Some manufacturers of comparatively thin n+ gates cover the polysilicon with tungsten silicide and then with a silicon dioxide layer. The silicon dioxide layer is formed at a temperature high enough to cause crystallization of the tungsten silicide. After the silicon dioxide is formed, the gate is implanted with an n type dopant such as phosphorous.
However, when a p type species is directed at a polysilicon gate through crystallized silicide, channeling occurs. Illustratively, applicants' invention includes:
forming a polysilicon layer overlying a substrate;
forming an amorphous refractory metal silicide layer over the polysilicon layer;
directing a p-type dopant species at the refractory metal silicide;
performing an anneal at a temperature high enough to cause a substantial amount of the p species to move to the polysilicon layer.
Another embodiment includes tonning a dielectric over the amorphous refractory metal silicide. The dielectric is formed at a temperature low enough to prevent significant crystallization of the amorphous refractory metal silicide.
The FIGURE is a cross-sectional view which schematically aids in understanding an illustrative embodiment of the present invention.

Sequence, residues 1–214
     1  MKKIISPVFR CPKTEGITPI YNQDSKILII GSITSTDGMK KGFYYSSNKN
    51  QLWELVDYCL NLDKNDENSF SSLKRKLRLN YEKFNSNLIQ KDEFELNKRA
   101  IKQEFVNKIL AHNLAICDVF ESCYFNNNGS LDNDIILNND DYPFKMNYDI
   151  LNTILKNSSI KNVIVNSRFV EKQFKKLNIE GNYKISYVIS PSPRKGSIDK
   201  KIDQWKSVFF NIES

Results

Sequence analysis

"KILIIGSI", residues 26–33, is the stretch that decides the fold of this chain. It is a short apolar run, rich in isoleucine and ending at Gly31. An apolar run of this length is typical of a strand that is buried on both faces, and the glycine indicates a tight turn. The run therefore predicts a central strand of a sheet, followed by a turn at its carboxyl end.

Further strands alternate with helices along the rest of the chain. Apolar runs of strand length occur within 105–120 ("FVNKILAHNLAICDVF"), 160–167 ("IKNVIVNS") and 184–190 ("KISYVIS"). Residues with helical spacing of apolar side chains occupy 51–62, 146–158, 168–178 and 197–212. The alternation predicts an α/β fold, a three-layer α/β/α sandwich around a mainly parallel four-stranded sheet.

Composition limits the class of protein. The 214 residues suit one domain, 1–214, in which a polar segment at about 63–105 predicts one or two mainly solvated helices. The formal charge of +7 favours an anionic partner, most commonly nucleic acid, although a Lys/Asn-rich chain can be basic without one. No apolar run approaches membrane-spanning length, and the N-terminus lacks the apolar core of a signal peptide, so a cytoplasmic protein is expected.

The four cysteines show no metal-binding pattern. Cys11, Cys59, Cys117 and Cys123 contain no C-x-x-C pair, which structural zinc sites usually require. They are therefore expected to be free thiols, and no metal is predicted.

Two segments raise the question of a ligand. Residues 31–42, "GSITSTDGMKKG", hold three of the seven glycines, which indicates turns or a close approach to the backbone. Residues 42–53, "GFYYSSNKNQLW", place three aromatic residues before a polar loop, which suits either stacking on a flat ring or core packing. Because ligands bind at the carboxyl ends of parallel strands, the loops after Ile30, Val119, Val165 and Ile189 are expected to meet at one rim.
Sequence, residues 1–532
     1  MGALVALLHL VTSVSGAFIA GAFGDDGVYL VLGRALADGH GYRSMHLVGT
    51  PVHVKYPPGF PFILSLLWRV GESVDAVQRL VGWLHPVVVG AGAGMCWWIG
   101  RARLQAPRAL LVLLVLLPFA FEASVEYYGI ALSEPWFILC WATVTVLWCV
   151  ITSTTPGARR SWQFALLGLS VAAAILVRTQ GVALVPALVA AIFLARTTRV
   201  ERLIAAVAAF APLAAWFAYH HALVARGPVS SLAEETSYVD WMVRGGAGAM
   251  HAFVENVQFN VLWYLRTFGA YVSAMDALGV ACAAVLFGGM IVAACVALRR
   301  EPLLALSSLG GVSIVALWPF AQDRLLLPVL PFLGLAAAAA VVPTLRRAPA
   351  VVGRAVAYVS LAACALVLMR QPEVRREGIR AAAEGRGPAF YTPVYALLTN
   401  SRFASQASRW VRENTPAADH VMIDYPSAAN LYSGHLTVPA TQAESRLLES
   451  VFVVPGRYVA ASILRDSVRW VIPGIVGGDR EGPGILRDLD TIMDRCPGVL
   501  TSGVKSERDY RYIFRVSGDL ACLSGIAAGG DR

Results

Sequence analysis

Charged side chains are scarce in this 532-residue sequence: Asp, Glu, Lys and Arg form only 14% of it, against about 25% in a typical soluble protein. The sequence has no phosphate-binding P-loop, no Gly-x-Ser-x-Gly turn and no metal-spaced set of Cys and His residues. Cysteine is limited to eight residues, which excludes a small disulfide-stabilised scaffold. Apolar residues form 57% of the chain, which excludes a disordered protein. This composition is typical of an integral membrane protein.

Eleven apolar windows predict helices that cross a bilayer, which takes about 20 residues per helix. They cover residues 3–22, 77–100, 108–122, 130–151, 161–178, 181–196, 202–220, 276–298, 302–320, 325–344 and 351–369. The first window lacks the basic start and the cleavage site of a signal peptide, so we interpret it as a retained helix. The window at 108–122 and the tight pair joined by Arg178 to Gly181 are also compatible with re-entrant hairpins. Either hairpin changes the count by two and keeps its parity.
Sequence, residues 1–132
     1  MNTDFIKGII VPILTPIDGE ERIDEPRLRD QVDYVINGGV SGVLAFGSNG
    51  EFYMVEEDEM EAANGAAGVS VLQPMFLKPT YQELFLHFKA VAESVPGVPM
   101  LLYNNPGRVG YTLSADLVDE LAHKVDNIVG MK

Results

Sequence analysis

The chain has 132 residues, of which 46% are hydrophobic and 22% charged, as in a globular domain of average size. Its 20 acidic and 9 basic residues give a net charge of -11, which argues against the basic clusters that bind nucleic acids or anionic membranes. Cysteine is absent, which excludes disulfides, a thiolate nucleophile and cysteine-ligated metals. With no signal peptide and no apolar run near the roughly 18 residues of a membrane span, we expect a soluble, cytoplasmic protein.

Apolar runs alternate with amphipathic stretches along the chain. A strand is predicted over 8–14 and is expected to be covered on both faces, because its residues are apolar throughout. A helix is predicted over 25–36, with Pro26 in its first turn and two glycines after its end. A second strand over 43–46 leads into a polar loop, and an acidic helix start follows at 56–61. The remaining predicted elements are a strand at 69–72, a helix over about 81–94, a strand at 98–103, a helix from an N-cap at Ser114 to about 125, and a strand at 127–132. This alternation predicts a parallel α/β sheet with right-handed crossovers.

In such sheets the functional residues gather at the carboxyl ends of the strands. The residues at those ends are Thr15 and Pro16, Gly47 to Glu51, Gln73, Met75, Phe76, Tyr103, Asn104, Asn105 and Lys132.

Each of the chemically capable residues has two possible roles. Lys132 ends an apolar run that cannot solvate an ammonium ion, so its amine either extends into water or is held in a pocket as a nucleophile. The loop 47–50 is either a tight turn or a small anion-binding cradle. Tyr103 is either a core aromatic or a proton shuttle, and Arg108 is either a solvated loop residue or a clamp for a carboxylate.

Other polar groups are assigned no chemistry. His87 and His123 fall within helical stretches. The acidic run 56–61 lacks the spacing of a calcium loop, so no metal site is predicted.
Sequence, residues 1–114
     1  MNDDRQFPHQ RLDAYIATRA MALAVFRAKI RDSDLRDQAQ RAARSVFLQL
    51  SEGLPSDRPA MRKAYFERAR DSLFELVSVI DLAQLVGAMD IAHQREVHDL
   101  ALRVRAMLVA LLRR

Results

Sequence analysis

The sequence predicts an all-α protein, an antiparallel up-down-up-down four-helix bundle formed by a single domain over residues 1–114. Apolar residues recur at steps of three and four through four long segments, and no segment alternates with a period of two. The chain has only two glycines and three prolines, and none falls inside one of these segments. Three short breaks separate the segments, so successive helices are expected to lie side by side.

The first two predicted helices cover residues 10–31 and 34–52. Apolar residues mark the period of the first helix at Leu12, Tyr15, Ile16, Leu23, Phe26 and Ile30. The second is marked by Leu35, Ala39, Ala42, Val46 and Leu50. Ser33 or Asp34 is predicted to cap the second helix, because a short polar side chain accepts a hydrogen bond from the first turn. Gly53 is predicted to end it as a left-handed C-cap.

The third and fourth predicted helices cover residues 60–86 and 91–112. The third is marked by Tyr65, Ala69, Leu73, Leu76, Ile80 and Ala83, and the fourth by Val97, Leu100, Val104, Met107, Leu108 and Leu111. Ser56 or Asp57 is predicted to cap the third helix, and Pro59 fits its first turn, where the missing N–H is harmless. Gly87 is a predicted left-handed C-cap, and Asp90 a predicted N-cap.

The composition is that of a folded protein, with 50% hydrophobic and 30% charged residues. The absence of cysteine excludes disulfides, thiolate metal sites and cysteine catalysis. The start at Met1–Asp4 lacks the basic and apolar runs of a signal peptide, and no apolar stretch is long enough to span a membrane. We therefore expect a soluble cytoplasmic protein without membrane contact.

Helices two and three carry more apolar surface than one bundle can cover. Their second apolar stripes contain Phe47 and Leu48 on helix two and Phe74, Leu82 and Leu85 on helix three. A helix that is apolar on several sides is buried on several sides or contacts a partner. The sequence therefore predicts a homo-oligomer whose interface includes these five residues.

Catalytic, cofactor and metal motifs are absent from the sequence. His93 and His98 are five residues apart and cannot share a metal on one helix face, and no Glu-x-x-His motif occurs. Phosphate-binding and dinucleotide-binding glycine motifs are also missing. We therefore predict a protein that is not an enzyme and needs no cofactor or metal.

In the Figure, reference numeral 1 1 denotes a substrate which may, typically, be silicon, epitaxial silicon, or doped silicon. In general, the term substrate refers to a body having a surface upon which other materials may be formed.
Reference numeral 13 denotes an oxide layer which, typically, may be 100 Å thick. However, other thicknesses may also be used.
Reference numeral 15 denotes an undoped polysilicon layer having a thickness of approximately 1000 Å, although other thicknesses (typically between 300 Å and 3000 Å) may also be employed.
Formed upon polysilicon layer 15 is tungsten silicide layer 17. Other silicides such as tantalum silicide, or cobalt silicide, may also be used. Layer 17 is desirably formed by sputtering at a temperature between room temperature and approximately 400° C. The sputtering process produces a comparatively amorphous layer which does not exhibit grain boundaries which might promote channeling of later-implanted dopants. Typically, the thickness of layer 17 is 1000-1200 Å, although other thicknesses may also be employed. (Generally, a range of 300-3000 Å is acceptable.)